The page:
For $8,000-$10,000 Khloe Kardashian Odom will tweet about your brand to her 5 million followers! Too rich for your blood? Try singer Ray J, who will blast out your message to his 600,000+ followers for about $2,300. Still not buying? The list of B, C or D list celebs hocking their name for a quick 140 characters of their time, is fairly endless. In fact some celebrities that have…ahem, passed their prime…will even record video messages endorsing products or sending birthday wishes your way for a mere $3.00 a piece!
So, no marketing exec could pass up a celebrity endorsement, especially if there were measurable results attached, right? I guess it depends what type of return you’re willing to accept.
According to a recent AP story, for $3,500 Lindsay Lohan tweeted to her 2.6 million followers about CampusLIVE, a Boston-based surge marketing company that connects brands with college students…and a Matter client BTW. The post yielded 4,500 click-throughs to the company website.
We love our celebrity drama, and it seems the more embattled the celebrity the more social media sway they carry!
At the height of his award-#winning melt down, Charlie Sheen started a Twitter feed that has now attracted more than 5 million followers. At the time, his incented tweet drove more than 95,000 Tigerblood-juiced followers to an internship nexus site!
Both of these examples seem to match the expected click through from a standard tweet. According to Mashable’s unscientific polling, a 1.7% click through rate is pretty realistic. In these cases, the return rate from that found by Mashable’s quickie research proves pretty accurate, so the huge volume these pop icons reach makes mathematical sense.
So why isn’t every brand diving into the celebrity endorsed Tweet game?
First off, with estimates ranging from $16 to $70 bucks per letter (for the examples above anyway) far-reaching celeb tweets can be pretty costly for a smaller brand. Let’s not forget Twitter content like this has a very short shelf life. Sure it can be compounded by re-tweeters and extended virally through other social networking sites but, let’s face it, it’s not too often that a tweet, even one from a celebrity, lives beyond the same day…unless there has been external backlash about it.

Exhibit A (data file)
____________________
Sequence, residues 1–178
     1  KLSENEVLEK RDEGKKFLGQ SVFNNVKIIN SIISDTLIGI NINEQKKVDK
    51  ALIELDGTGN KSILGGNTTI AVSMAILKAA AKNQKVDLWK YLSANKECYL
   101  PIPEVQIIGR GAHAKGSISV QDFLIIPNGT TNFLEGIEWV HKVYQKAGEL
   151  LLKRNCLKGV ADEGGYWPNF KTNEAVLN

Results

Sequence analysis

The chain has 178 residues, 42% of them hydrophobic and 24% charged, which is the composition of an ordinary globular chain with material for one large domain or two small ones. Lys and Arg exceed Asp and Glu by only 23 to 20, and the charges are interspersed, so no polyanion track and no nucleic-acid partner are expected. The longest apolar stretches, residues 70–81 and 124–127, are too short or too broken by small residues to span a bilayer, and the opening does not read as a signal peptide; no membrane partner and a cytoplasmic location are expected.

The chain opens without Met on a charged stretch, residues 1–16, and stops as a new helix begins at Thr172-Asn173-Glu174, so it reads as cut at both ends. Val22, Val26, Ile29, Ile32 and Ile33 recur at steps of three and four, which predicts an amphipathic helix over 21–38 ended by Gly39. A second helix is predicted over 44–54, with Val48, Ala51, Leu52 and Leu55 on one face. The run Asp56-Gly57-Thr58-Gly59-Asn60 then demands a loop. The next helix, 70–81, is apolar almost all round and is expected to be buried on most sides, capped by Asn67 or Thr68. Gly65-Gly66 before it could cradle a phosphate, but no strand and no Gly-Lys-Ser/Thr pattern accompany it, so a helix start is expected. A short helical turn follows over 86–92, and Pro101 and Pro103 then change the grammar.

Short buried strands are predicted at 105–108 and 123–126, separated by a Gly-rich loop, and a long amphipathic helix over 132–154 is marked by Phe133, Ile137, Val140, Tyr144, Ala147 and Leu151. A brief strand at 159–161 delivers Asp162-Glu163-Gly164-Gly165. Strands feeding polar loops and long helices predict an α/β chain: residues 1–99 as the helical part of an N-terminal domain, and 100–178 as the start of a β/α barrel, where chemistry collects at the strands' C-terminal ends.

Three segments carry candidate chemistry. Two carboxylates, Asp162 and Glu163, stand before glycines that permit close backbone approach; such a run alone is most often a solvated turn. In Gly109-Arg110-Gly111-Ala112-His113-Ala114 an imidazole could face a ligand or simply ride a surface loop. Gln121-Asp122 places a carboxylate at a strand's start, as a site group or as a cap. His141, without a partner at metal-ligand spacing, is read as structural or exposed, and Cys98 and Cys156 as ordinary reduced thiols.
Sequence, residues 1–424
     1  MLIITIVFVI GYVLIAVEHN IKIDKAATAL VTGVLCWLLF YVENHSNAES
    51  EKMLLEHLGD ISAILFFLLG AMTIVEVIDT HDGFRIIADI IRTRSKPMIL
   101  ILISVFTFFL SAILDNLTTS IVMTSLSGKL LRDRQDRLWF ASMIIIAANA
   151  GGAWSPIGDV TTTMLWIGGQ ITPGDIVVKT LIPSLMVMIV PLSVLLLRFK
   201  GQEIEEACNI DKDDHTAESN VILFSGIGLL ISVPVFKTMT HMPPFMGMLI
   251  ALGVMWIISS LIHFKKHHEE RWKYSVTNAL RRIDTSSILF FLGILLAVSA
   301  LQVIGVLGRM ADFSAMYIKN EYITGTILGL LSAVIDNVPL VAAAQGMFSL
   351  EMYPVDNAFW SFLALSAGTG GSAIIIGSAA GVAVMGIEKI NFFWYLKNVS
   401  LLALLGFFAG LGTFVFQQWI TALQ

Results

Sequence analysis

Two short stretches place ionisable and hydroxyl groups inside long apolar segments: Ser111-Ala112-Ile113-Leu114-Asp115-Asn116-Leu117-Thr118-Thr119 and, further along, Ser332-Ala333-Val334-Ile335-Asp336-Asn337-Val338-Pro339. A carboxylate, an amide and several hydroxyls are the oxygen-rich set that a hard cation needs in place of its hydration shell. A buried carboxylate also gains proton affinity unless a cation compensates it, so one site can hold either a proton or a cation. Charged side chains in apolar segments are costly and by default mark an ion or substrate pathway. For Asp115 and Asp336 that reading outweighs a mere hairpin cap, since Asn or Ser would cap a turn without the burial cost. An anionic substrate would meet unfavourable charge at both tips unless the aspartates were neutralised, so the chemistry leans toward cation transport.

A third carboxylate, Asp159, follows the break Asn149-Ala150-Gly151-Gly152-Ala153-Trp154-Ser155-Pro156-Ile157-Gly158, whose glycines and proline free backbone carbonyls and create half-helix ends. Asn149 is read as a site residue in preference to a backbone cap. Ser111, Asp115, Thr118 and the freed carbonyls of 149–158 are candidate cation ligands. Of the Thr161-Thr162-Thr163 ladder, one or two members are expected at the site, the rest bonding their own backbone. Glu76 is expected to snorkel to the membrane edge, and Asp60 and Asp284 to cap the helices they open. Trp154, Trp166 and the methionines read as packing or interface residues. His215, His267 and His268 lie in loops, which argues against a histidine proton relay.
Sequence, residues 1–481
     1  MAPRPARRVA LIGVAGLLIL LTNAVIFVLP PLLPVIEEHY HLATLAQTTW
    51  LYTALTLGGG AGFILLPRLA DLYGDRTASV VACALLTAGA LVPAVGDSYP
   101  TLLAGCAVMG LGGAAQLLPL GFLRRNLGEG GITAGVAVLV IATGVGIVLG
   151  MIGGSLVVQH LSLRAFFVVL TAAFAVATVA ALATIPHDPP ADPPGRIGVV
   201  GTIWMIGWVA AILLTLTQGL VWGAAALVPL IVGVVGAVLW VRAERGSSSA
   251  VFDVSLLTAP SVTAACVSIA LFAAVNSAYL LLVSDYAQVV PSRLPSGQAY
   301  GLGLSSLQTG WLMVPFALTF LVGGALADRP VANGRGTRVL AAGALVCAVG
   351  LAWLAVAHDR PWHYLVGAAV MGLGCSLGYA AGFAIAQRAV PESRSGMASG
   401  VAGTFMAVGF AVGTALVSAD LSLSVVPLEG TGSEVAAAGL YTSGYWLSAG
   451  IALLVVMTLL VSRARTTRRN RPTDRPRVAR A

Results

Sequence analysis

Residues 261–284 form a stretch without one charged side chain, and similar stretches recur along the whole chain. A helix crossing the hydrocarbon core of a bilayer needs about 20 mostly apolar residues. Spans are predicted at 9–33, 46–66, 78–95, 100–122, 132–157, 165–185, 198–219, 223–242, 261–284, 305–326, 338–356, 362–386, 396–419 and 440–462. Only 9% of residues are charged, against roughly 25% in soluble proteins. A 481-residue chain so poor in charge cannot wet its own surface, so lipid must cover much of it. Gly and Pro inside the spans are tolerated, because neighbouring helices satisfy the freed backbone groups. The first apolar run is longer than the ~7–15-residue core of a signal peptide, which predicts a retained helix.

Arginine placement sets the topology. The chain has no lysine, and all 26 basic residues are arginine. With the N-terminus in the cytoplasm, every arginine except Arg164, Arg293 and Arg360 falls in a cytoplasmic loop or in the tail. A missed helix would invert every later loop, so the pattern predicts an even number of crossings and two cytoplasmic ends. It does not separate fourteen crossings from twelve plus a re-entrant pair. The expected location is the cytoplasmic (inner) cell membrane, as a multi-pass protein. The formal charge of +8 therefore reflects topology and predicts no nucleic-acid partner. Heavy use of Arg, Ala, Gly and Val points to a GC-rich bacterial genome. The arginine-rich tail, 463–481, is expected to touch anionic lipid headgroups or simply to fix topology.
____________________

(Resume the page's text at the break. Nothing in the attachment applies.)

This last point leads us to the most compelling aspect of the celebrity tweet consideration, why we all follow these celebs to begin with. We want to be the first to see them say something crazy and be among the select 5 million that were there the day they started their “Charlie Sheen spiral.”
Twitter can be a very powerful, sometimes dangerously powerful, communication tool. Ashton Kutcher, once the Twitter darling extraordinaire recently handed his feed over to his PR team after making some poorly-timed comments about the horrible events unfolding at Penn State.
So where do you fall on the risk v. reward expanse? Would you hire a celeb tweeter to represent your brand? With the numbers leading us to believe that a celeb tweet is equally powerful as that of any brand in itself (assuming like numbers of followers), what criteria would you need to see to make this investment?